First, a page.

Wed 15 Jun 2011
I was one of the early adopters of Myki for my public transport ticketing, and it wasn’t the best of experiences. I went back to using Metcard shortly afterwards, and it was only once Myki was fully deployed across trams and buses did I go back to it.
I’ve been using the Myki Money approach, which in theory is cheaper than the Myki Pass approach, but requires the user to “touch on” before travel and “touch off” afterwards. I’ve been using it for over six months now, but recently I’ve suspected that it hasn’t been operating quite as it should.
Although I’m well trained now in “touching off” at the train platform, I find it hard to remember to do it when jumping off a tram. In one instance, leaving a tram to catch a train, my Myki failed to be recognised at the train station turnstiles (no error message – nothing), probably due to the card thinking I’d only recently “touched on” to a tram, so how could I possibly be touching on to a train. How helpful. Not.
Failing to “touch off” on trams has also meant that I’ve been charged extra, as the system assumes I might have traveled into Zone 2, while in fact I’ve remained in Zone 1. This is as-designed, but is highly annoying. Given that I don’t catch trams often enough to reprogram my habit of leaving the tram without touching off, it’s probably sufficient to motivate me to stop using Myki Money.
However, there’s another problem I’m experiencing that’s not meant to happen: sometimes, I’m charged more than the official fare. If I travel more than two trips – more than a train to work and then a train home – it seems I get charged for those extra trips, even though Myki Money is not meant to cost more than a standard daily rate (which is equivalent to two trips). All it takes is to use the tram twice on a normal day to be overcharged by 100%.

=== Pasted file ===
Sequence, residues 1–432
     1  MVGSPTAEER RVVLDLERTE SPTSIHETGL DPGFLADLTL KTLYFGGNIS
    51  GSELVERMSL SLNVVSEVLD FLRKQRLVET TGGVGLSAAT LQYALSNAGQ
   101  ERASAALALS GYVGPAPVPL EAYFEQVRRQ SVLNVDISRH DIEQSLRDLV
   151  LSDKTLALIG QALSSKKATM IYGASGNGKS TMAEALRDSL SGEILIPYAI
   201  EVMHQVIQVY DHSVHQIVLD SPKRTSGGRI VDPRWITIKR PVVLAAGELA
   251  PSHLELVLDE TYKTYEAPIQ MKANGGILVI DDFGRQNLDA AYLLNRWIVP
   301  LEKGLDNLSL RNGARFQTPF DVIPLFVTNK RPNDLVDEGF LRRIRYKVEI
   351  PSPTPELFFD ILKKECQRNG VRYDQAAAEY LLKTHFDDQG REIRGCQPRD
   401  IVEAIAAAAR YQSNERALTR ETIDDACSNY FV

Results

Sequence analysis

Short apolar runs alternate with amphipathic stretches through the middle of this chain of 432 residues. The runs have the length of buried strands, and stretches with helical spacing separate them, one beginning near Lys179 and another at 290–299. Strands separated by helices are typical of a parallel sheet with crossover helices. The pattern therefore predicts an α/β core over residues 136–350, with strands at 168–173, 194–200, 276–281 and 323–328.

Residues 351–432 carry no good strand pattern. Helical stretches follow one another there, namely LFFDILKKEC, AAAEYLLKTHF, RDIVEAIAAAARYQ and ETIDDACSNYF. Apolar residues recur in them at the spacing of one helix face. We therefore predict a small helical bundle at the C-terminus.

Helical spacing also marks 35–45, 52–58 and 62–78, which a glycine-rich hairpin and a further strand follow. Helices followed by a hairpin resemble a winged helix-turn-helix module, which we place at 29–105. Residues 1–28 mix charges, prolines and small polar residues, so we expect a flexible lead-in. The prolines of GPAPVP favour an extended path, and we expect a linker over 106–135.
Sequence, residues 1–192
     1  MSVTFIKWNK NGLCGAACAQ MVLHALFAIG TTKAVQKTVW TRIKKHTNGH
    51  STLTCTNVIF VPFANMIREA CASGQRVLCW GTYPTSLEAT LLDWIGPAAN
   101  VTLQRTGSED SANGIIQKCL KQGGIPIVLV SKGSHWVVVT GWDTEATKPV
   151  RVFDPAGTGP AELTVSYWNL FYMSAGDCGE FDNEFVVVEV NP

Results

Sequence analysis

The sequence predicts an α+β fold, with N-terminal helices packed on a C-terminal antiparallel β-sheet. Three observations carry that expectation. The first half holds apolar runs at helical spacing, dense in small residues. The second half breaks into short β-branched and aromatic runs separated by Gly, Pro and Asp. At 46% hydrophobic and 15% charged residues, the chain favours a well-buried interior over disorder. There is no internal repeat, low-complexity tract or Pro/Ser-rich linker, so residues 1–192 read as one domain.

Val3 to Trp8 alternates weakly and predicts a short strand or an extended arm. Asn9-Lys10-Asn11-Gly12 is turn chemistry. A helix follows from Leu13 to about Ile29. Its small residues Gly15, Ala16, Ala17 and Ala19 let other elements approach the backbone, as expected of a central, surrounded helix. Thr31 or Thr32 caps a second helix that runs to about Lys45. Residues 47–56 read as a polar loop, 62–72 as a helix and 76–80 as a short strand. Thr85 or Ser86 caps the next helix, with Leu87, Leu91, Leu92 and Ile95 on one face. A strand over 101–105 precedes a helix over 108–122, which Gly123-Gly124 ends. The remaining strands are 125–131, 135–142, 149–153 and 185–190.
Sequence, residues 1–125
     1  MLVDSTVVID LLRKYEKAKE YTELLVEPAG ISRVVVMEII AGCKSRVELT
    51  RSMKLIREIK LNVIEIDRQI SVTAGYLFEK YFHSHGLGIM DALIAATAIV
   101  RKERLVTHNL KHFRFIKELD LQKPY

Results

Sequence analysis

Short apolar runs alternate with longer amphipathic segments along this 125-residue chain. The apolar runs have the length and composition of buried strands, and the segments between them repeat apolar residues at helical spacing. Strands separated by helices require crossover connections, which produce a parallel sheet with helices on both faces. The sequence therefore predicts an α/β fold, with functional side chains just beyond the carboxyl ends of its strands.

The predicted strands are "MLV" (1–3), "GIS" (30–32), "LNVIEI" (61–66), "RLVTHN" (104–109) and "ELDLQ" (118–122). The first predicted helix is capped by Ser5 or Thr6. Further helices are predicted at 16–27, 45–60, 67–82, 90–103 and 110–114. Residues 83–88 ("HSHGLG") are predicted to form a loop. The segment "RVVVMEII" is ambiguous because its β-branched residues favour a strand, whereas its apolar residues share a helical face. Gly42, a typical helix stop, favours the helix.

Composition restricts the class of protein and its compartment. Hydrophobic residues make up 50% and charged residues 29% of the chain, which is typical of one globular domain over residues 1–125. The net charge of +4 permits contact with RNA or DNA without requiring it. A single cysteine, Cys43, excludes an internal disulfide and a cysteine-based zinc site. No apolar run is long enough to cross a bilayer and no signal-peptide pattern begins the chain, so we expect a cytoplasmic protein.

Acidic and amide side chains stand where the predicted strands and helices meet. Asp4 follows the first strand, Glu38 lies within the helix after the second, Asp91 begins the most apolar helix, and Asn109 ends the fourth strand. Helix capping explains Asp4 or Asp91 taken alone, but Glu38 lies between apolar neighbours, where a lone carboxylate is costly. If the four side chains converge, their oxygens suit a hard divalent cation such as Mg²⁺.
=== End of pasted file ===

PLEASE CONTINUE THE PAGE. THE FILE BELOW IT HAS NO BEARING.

Luckily, there’s a free online tool that can help spot these overcharges: Mykileaks. It takes your Myki transaction statement, analyses it, and provides you with clear advice on exactly where you’ve been overcharged. The process is:
- Log in to “My Myki” and download a PDF statement of “My transactions”. Set the filter options to include as much as the last six months, then press the “View and Print Statement” button.
- Visit Mykileaks, specify the file for the PDF statement, and press the “Submit your statement for analysis” button.
- Read the resulting report, and confirm that it makes sense.
- Go back to “My Myki” and open the Refund and Reimbursement Form. Fill it in, print and post to Myki.
Ok, so it’s a bit laborious, but it really irks me that they still run this system with overcharging bugs in it. Mykileaks found that I had a case for being overcharged $14.66 over the last five months. According to a Herald Sun article, around 300,000 people used Myki in March, which if my level of overcharges is typical, would equate to $10.5M in unjustified charges over the course of a year.
I’m going to send in my reimbursement claim, and once it’s used up, Myki Money can “sod off”.